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For example I have these classes:

  1. MyGradientButton.h/.m
  2. RedGradientButton.h/.m (Inherits the MyGradientButton class with background color red)

Now, I have an instantiated object "buttonA" that has the characteristics of MyGradientButton class. However, is it possible later on to change "buttonA" class to RedGradientButton and acquire this new class characteristics which will turn the button into red?

If possible, let me know how. Thank you

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Short answer is just NO. –  Fahri Azimov Oct 1 '13 at 6:22

2 Answers 2

up vote 3 down vote accepted

No, you cannot change the type of a class after it's created.[1]

Best approach is typically to create a method which clones. The class variable in this case is typically the object you message.

A common example of this form is: [NSString stringWithString:s] against [NSMutableString stringWithString:s];.

Because you're dealing with a view, it is often easier to just define an internal type and use object composition. So you would not have a RedGradientButton type, but instead one MyGradientButton which has (for example) a characteristics member. Then you may create multiple characteristics types (if subclassing is really a good design).

[1] You could, but don't …if somebody tells you how it can be achieved. The reason: It's unsafe, and one approach is going away. Although you can set the class, which would update the methods, doing this would not modify other aspects of the object. The obvious case is that your object would not be resized or updated to reflect any difference in member layout, which means that when you message the object and it accesses members present in the subclass but not the superclass, your method's implementation would read or write to invalid memory (that's undefined behavior). Even if it appears to work or you have dynamically proven or done everything you can to ensure it is safe, modern runtimes use a non-fragile object ABI - the memory required by your base classes is free to change from one release to another. Such a design is open to other errors when resizing (leaks, memory which cannot be referenced, or memory 'initialized-at-type-conversion' to the data of another class). So even if you overcame the problem of allocation size, you would still need to devise a way to perform partial deallocation and partial initialization of your instance, in a way which leaves the object in a usable state -- quite complicated.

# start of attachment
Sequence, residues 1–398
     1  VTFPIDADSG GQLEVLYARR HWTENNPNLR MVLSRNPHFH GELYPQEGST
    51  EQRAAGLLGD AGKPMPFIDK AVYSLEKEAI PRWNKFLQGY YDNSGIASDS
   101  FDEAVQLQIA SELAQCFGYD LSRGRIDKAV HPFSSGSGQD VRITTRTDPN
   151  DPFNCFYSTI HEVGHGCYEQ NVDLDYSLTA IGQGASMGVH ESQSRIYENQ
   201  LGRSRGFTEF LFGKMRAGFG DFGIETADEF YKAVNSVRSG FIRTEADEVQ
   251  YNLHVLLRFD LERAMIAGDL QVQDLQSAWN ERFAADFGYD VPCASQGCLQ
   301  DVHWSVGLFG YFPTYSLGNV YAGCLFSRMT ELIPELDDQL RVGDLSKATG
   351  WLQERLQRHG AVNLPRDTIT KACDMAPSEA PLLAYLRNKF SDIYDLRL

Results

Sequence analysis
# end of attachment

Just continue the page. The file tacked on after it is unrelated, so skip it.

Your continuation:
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Thank you for your comment Justin. –  Zaldy Oct 1 '13 at 8:13

The acacemic answer is: "Yes you can". The smarter answer is: "No you should not do that unless you understand very well what you are doing and can therefore justify yourself whether it is a good idea doing so".

If I were you then I would crate a new factory method for RedGradientButtion like +(instancetype) redGradientButtonWithMyGradientButton:(MyGradientButton*)myGradientButton;

This method could then instanciate a new RedGradientButton object and copy all relevant charachteristics of myGradientButton. Then, if you think that is a good idea, it could fetch myGradientButtons' superview, remove it from its superview and add the new RedGradientButton object instead of it. Of course this would make all references to myGradientButton to refer to an unused (but with ARC still valid) Button object. You would have to update them.

You say that RedGradientButton inherits from MyGradientButton. That means that all classes which use MyGradientButton should continue working well - once the references have been updated of course.

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Thank you for your comment Hermann. –  Zaldy Oct 1 '13 at 8:14
You are welcome. –  Hermann Klecker Oct 1 '13 at 9:19

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